“It’s all about relationships” is not a cop-out

Over the last year-plus I’ve had dozens of conversations with people working to address inequity and inequality. They are scholars, nonprofit leaders, politicians, activists, ministers, business owners from a range of political, religious, and cultural backgrounds. Some make well into six figures doing what they do; others get by only a little better than those in the underprivileged communities they serve.

When we talk about the wealth and opportunity gap in San Antonio, we talk about a dizzying range of problems and a just-as-dizzying variety of potential solutions. But one idea, one theme, one solution comes up more than any other: “It’s really all about relationships.”

I can’t count the number of times I’ve heard that line come from the mouths of one of those people. And again, it doesn’t matter what their station in life is, their skin color, their political commitments. I’ve heard it from middle-aged, white, ultra-conservative Christians who live in all-red suburbs; I’ve heard it from queer activists of color who live in urban cores. Often it’s after we’ve discussed everything else—solutions that are promising and already working but are also big and complicated and slow-moving. It’s a line that brings things to a close, or adjusts perspective, or delivers a caveat to whatever else has been said. It’s really all about relationships.

What these people share is a conviction that the reason inequity and inequality are so bad in this country and getting worse is that we’re almost never actually confronted with the problem in any meaningful way. We hear data about inequality and injustice. We read stories. We form opinions. But we never personally interact with the problem—we don’t have physical, embodied, personal experiences of people who are not like us. Our neighborhoods, and thus our lives, are socially, economically, and culturally homogeneous, and we’re tricked into believing that the world basically looks like whatever our lives look like. This is particularly true in western cities that have been built for cars and where there is almost no opportunity to have a significant encounter with someone who is not a lot like you.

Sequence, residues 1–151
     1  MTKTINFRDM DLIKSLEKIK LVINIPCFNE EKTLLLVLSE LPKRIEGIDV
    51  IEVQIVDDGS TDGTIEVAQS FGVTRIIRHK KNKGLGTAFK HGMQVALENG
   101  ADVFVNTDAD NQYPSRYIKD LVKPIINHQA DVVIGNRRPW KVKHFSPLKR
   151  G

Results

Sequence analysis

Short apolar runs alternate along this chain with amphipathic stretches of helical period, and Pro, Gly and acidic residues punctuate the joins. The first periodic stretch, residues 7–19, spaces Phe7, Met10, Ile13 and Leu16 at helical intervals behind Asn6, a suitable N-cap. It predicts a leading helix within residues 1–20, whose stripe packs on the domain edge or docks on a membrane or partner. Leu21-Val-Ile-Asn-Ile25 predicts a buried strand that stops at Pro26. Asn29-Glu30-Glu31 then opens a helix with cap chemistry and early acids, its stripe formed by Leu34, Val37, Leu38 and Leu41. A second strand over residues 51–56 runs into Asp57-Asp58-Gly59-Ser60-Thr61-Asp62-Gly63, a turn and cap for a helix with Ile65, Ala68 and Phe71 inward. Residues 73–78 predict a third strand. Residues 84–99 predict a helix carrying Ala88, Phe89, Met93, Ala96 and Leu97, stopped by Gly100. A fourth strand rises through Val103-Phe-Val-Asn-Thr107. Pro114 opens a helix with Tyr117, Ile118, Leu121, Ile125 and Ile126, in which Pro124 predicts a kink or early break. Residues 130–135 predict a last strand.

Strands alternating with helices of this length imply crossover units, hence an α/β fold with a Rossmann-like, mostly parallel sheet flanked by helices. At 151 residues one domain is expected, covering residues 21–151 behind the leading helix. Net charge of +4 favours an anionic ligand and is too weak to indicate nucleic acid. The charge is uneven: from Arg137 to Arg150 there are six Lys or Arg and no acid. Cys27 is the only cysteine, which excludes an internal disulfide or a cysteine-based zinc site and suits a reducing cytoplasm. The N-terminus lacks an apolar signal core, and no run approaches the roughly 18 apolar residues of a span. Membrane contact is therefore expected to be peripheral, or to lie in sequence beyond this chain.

Still, it’s hard not to hear It’s all about relationships as soft, sentimental. The kind of thing people say when they’re not sure what else to say. Or even a cop-out, because the chances of wealthy and poor actually forming meaningful relationships are so slim.

But usually, the folks I’m talking to have operationalized this issue. They’ve experienced the power of unexpected relationships themselves and have realized how that experience reframes everything. One has moved into an extremely low-income neighborhood. One chooses to pastor a church in a low-income area. One runs a program that delivers food and other support to the poor, and she requires all (usually white and wealthy) volunteers to become mentor-coaches for people in her program. (She tells me that she’s pulling a trick—the wealthy people are the ones who end up feeling coached as they enter into these relationships.)

This is slow work, a person and a relationship at a time. But it’s a strategy that people who think about, write about, and work on inequity should take seriously. If people who are on the front lines of this issue are saying this, how do we make sure we’re hearing what they’re saying? How do we scale a solution like this?

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